RICHMOND, Va. — A new program is launching next month to provide alternative transportation to in-patient treatment for Virginians experiencing a mental health crisis and are under a temporary detention order, or TDO. ​​

The Department of Behavioral Health and Human Services (DBHDS) signed a $7 million two-year contract, with the option to extend, with the company G4S in May. The General Assembly set aside funding in the state budget for this.​​

The company will operate vehicles to drive people to a hospital bed. Six vehicles will initially be rolled out in southwest Virginia, which state officials say is where the need is greatest right now.

​​G4S has a contract with North Carolina as well. It has been working there for the past seven years doing similar transports.

​​Officials say the drivers are unarmed and have training in “trauma-informed care” to help patients while they are dealing with a crisis. ​​

“What [patients] have to go through to get from point A to point B has been traumatic in a lot of different areas,” Chris Roberts, the project manager for patient support services at G4S, said.​​​

Most who are transported fall under the supervision of local law enforcement. In fiscal year 2018, July 1, 2017 to June 30, 2018, there were more than 25,000 TDOs. DBHDS officials say this is also about the average per year over the past five years. These cases include both children and adults. ​

​DBHDS estimates law enforcement drove 99 percent of these people, many may have been handcuffed while in the vehicle with an officer.

​​”I think that transportation can give people dignity. You shouldn’t have to be handcuffed just because you’re sick,”  Sen. Creigh Deeds, (D) District 25, said. ​​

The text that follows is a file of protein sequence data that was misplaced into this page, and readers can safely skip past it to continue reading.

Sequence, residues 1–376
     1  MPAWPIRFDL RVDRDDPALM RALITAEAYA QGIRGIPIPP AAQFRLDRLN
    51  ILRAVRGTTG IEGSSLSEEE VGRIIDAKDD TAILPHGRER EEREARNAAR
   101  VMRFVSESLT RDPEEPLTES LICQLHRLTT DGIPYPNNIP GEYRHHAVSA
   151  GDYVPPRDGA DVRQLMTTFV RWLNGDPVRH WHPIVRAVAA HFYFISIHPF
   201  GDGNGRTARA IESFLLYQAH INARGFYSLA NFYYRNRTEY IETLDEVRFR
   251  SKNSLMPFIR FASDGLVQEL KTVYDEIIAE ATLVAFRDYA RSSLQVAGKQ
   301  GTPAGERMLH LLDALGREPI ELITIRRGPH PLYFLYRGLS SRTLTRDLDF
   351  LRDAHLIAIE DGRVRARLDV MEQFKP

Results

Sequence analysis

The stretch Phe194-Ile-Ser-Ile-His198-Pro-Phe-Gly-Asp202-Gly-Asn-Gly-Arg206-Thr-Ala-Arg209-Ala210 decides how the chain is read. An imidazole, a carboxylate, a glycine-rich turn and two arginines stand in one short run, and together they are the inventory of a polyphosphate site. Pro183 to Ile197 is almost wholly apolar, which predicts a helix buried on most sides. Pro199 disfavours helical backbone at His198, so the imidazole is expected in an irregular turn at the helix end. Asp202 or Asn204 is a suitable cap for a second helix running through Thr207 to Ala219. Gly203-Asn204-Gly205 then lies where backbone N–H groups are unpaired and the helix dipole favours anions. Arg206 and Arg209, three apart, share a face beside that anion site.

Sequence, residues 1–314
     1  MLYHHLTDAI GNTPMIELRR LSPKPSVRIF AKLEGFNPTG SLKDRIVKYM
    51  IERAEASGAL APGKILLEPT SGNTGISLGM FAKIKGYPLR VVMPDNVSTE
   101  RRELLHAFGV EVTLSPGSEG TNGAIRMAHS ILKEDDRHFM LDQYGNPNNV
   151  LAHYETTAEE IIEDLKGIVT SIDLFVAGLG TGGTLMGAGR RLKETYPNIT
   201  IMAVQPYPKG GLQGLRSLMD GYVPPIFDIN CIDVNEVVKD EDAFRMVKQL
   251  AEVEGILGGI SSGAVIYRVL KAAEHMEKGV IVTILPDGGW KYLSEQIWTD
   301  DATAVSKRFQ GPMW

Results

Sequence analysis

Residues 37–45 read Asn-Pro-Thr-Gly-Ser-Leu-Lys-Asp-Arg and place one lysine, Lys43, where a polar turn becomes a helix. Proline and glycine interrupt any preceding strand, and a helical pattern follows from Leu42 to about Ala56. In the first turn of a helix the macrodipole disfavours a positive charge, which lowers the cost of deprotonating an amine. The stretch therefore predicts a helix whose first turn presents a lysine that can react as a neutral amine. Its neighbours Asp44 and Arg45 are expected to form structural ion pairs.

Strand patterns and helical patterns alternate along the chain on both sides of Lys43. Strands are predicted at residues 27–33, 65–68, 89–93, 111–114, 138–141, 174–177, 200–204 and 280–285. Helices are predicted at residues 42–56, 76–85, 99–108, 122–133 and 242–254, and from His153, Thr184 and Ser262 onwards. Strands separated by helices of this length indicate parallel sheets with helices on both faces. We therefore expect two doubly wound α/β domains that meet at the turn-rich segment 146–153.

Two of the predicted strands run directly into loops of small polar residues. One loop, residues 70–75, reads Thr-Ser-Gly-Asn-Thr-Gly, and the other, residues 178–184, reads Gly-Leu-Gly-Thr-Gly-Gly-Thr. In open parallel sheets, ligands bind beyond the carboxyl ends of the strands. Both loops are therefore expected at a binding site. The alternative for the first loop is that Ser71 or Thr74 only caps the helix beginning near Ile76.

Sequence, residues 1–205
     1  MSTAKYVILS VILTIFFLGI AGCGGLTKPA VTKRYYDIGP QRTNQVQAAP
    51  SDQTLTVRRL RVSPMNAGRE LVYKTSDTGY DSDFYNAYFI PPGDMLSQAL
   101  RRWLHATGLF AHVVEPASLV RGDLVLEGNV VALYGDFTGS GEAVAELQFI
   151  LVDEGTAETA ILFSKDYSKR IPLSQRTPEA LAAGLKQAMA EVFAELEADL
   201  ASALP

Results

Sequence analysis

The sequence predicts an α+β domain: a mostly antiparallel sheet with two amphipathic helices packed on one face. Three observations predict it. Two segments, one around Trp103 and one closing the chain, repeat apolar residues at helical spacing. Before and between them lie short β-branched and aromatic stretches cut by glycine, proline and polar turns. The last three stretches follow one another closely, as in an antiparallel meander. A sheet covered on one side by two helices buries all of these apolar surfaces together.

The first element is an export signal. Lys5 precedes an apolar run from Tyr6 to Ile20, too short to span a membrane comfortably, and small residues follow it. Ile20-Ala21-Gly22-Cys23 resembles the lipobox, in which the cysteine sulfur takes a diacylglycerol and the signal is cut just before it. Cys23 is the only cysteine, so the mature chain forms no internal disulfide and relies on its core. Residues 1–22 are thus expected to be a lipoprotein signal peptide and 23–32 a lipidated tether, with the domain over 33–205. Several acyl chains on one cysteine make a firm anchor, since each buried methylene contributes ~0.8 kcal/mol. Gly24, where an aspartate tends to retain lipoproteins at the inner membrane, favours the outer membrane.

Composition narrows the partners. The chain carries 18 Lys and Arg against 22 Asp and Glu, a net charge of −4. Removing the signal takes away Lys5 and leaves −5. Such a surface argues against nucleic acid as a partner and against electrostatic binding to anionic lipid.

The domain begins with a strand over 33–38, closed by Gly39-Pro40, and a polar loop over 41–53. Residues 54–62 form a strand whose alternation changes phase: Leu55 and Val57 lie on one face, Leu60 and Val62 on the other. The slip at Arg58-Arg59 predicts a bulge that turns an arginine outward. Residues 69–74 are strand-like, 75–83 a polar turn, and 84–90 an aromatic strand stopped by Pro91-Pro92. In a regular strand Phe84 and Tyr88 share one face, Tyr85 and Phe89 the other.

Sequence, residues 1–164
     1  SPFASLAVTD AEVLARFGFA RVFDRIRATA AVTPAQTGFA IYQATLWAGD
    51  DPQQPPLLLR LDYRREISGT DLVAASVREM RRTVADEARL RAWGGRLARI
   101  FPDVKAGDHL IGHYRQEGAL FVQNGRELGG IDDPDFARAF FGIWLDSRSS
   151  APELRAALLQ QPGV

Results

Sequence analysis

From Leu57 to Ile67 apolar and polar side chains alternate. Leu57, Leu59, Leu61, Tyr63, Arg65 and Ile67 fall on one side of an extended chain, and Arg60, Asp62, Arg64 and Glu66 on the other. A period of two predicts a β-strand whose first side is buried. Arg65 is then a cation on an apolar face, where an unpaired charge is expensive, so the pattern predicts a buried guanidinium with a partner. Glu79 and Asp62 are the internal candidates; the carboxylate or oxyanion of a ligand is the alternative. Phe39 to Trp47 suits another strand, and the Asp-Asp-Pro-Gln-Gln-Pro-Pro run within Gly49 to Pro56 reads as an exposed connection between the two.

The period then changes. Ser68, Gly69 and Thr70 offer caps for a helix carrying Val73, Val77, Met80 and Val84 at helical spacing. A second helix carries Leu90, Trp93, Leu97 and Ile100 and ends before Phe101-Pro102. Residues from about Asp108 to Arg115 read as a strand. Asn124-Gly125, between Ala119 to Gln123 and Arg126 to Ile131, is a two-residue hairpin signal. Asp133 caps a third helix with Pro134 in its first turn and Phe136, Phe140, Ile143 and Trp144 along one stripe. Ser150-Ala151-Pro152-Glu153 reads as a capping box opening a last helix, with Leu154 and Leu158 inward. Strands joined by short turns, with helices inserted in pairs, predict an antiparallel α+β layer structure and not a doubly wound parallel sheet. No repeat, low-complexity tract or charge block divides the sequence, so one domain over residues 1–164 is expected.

Dana Schrad, the Executive Director of the Virginia Association of Chiefs of Police, says this has put a strain on agencies, between overtime and officers being taken off their regular patrols.

​​Sen. Deeds, who has become a mental health advocate after being injured in late 2013 by his son, Gus, who later died by suicide, says this program is a step in the right director for the Commonwealth but more can still be done.

“[The program] can also put law enforcement officers back on the street, doing their jobs a lot quicker,” Sen. Deeds said. ​​

DBHDS officials say some individuals were transported up to six hours to get care. Officers assigned to transport a TDO also have to stay with the patient until they can be admitted to a hospital, which would tack on more time too. ​​

Having these alternative transportation services, Schrad says, will also provide more “dignity and privacy” for patients with a TDO.

​​The vehicles are equipped with cameras to keep an eye on the patients, road and driver. There is also a divider with some shading to give the up to two patients being transported privacy. Also, there is a box in the back of the vehicle so personal items and medical records can be kept safe during the drive. ​​

Windows also have little slats in them so patients can roll them down, without being able to leave the vehicle, so they can get fresh air. ​​

The drivers also have business casual uniforms, that company officials say makes the patients more comfortable. ​​

DBHDS officials estimate G4S will drive up to 50 percent of all TDOs during the two-year contract. 

Whether or not a patient is eligible for this alternative transportation will be determined initially by a Community Service Board. The magistrate who signs off on the TDO will make the final call on if the patient can qualify for the program. The magistrate will also designate which hospital the patient would go to, DBHDS officials say. 

This program has been in the works for four years and there was a two year pilot project in southwest Virginia as well. It will be evaluated by the state and lawmakers to determine if the partnership should continue following the initial contract.​

“I’m hopeful, at the beginning,” Sen. Deeds said. “But, I’m generally hopeful in nature.”

CORRECTION: The broadcast version of the story stated patients are transported to “state hospitals.” Department of Behavioral Health and Developmental Services officials say the hospital would be designated by the magistrate issuing the TDO.